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Someone asks to me that can we prove the transcendence of $\pi$ without using proof by contradiction. I find some proofs of transcendence of $\pi$ and $e$ and I found that all of proof I found starts from the sentence "Suppose $x$ is algebraic...", which means the proof relies on the proof by contradiction.

Since $\pi$ and $e$ are computable, I suspect that their transcendence can be proven in constructive sense, and I guess that we may eliminate non-constructive nature of a proof of transcendence of them. However I didn't get how to do this. Thanks for any idea.

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    $\begingroup$ Trascendence means something does not exist. One does not usually do that constructively... $\endgroup$ Sep 6 '15 at 2:47
  • $\begingroup$ @MarianoSuárez-Alvarez But Wikipedia says about the constructive proof of irrationality of $\sqrt{2}$, so I think constructive proof of transcendence of some (irrational) numbers might exist, though it may be hard to find. $\endgroup$
    – Hanul Jeon
    Sep 6 '15 at 2:50
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    $\begingroup$ That proof is based on the fact that rational numbers can be approximated in a specific way: as that does not work with $\sqrt2$, then it is not rational. I would not call such an argument constructive. $\endgroup$ Sep 6 '15 at 2:52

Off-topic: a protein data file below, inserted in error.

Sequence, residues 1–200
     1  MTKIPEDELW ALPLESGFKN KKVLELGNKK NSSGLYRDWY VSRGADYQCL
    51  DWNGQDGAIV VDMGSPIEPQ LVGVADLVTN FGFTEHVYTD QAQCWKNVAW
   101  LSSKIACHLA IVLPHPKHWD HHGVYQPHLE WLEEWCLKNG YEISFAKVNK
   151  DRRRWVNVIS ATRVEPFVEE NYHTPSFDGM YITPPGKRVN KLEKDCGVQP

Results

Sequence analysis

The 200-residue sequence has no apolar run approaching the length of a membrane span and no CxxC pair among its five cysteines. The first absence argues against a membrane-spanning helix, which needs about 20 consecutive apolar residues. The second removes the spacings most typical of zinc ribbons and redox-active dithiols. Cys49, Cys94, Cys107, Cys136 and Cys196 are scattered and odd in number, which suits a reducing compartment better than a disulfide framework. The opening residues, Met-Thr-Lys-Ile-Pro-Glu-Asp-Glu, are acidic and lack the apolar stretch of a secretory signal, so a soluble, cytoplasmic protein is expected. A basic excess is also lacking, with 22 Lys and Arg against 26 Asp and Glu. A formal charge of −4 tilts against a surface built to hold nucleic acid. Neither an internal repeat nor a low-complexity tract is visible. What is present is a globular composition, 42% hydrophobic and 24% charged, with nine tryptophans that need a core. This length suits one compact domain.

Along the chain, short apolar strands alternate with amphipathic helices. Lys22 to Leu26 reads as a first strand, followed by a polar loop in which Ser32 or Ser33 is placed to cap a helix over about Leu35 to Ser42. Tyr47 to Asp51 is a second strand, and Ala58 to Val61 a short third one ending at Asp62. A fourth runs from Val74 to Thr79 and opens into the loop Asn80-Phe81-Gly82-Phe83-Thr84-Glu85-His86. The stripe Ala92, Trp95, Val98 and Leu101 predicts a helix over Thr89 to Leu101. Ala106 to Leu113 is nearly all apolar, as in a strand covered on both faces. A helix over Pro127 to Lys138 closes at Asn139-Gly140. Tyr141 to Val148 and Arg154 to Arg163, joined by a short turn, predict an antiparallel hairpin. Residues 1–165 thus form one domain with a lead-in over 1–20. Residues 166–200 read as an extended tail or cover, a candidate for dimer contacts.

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    $\begingroup$ @MarianoSuárez-Alvarez There is a difference between our understanding of constructiveness. The proof gives the difference between $\sqrt{2}$ and given rational constructively, and it does not use proof by contradiction, since it explicitly gives the fact that $\sqrt{2}$ is different from any given rational, so it is irrational. $\endgroup$
    – Hanul Jeon
    Sep 6 '15 at 2:57
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There is a faulty premise in the question, namely that a proof that begins with "suppose not" is necessarily a proof by contradiction. In constructive mathematics, the notion of "not" is different than in classical mathematics; this is one reason why the double negation of a statement is not equivalent to the original statement.

In constructive mathematics, a statement of the form "not X" is viewed as an abbreviation for "X implies a contradiction". Thus, to prove a statement of the form "not X" constructively, a mathematician can assume X and then derive a contradiction. This is not a proof by contradiction, however: it is a direct proof of "not X". Like other direct proofs of implications, it merely assumes the hypothesis and derives the conclusion. For a longer explanation, please see this blog post by Andrej Bauer.

I have not examined the proof that $\pi$ is transcendental to see whether it can be rephrased as a constructive proof. There are many other issues in classical logic that are nonconstructive, such as the way that "or" is handled, and the way that equality of real numbers is handled. But the mere fact that one proves $\pi$ is transcendental by assuming $\pi$ is algebraic is not a real concern in mathematical constructivism.

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